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Summary of the January 2016 Issue of BioTechniques

The January 2016 issue of BioTechniques will feature new methods and techniques, including:

  • a new tool for the generation of transgenic zebrafish
  • a simple to implement device for applying small forces to biomolecules
  • a new strategy for assaying viruses using PCR
  • a novel technique for obtaining breast milk for research studies without the need for oxytocin injections
  • a unique high-throughput platform to study tumor spheroids
  • an optical tweezers-based methodology for the temporal and spatial analysis of extracellular vesicles

In addition to these new methods articles, January will also contain a new Tech News feature focusing on the latest in high-content screening technologies and instrumentation.

 Article Descriptions

Transgenic zebrafish have enhanced researchers abilities to perform large-scale genetic and small molecule screens for gene and drug discovery. In the January 2016 issue of BioTechniques, researchers from Boston University in Boston, MA report a new, efficient method for generating transgenic zebrafish that utilizes pigmentation rescue of nacre mutant fish for accurate naked-eye identification of both mosaic founders and stable transgenic zebrafish. The authors found that pigmentation rescue reliably predicts transgene integration, creating a reliable means to screen for transgenic zebrafish and enhancing genetic screen capabilities.

Keywords: zebrafish; genetic screening; small molecule screens; transgenic animals

The manipulation of DNA and proteins using biophysical methods has led to unique insights into single molecule biology. In January, a team from Michigan reports the development of a simple-to-implement magnetic force transducer that can apply a wide range of piconewton scale forces on single DNA molecules and DNA-protein complexes in the horizontal plane. The resulting low-noise force-extension data enables very high-resolution detection of changes in the DNA tether’s extension: ~ 0.05 pN in force and less than 10 nm changes in extension, allowing for the detailed dissection of the physical properties of biomolecules.

Keywords: atomic force microscopy; cell motility; DNA extension; DNA-protein complexes

High sequence variation in RNA viruses necessitates use of degenerate primers and probes or multiple primers and probes for molecular diagnostic assays. In this January article, a research team from Sweden demonstrates that long primers and probes of up to 56 nucleotides can also be applied in real-time PCR for detection of norovirus genogroup II, improving assay sensitivity.

Keywords: real-time PCR; virus detection; molecular diagnostics; viral analysis

It has been reported that breastfeeding over 6 months strongly decreases the risk of allergy, diabetes, obesity and hypertension. In order to understand the mechanisms responsible for this benefit, it is important to precisely evaluate the composition of maternal milk, especially following environmental cues. Taking advantage of a natural stimulation of mammary gland in mouse pups, researchers describe their development of a new milking procedure that collects mouse milk without the need for oxytocin injection to stimulate production. The method is easy to use, low-cost and non-invasive, providing sufficient material to allow a large range of biological analyses.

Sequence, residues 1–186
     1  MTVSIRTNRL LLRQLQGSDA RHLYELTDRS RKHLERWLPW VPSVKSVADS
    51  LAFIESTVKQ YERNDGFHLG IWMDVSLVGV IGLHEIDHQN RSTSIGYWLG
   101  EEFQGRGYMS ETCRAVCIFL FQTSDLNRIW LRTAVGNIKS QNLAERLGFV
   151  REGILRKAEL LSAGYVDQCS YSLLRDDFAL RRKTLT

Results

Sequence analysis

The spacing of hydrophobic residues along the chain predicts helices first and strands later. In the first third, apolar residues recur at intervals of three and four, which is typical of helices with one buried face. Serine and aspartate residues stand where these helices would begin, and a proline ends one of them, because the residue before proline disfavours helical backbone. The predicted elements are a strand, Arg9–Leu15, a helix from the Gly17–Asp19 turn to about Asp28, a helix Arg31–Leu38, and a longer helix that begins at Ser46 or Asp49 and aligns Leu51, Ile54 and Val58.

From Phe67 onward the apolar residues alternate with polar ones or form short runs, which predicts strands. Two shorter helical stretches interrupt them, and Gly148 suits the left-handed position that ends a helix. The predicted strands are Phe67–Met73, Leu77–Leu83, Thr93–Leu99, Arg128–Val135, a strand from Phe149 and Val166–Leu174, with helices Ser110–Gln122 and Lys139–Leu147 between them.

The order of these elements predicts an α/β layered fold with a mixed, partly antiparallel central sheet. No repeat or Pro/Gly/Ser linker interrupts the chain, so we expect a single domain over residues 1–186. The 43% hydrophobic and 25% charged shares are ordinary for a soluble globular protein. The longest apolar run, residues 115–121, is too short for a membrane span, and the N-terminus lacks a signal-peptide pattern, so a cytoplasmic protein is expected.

Keywords: animal models; oxytocin injection; mouse models

Tumor spheroids are becoming an important tool for the investigation of cancer stem cell function in tumors, but low-cost high throughput methods for tumor spheroids screening are still needed. Using non-adherent three-dimensional (3D) cultures, researchers from Northwestern University in Chicago developed a simple acridine orange-based method that allows for rapid analysis of live tumor spheroids by fluorescence microscopy in a 96-well format. The method is suitable for monitoring the effect of antineoplastic drugs on neurosphere formation as both rapamycin and erlotinib attenuated neurosphere size thus allowing for rapid screening of anti-proliferative drugs to assess their ability in inhibiting growth of cancer stem cells as 3D structures.

Keywords: cancer research; tumor spheroids; 3D cell cultures; fluorescence microscopy; image analysis; drug screening

Extracellular vesicles are circular membrane structures released by most cells that represent highly conserved mediators of intercellular communication. However, temporal and spatial dynamics of vesicle-cell interaction still remain largely unexplored. In a Report in the January issue, researchers from Italy used optical tweezers to drive single extracellular vesicles produced by microglial cells on the surface of astrocytes or microglia in primary culture. By visualizing single extracellular vesicle-cell contacts, microglial vesicles were found to display different motilities on the surface of astrocytes or microglia. The data identify optical manipulation as a powerful tool to monitor in vitro vesicle-cell dynamics with temporal and spatial resolution, and determine in a quantitative manner the contribution of surface receptors /extracellular protein ligands to the contact.

Keywords: extracellular vesicles; cell-cell communication; optical tweezers; biophysical analysis; microscopy; image analysis

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